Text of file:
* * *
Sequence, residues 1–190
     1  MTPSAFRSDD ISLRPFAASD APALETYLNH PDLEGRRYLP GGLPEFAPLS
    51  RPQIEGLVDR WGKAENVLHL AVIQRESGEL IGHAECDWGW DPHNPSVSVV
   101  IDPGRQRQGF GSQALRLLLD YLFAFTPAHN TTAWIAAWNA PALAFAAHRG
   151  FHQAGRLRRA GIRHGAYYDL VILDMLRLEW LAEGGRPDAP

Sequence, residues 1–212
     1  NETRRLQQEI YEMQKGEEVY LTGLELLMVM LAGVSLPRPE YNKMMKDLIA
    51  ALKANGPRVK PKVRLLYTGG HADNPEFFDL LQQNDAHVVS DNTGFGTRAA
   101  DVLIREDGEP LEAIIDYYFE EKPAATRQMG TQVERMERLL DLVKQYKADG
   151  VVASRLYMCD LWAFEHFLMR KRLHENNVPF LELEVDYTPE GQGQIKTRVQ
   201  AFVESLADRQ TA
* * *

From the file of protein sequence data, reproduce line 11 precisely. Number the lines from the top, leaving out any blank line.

   201  AFVESLADRQ TA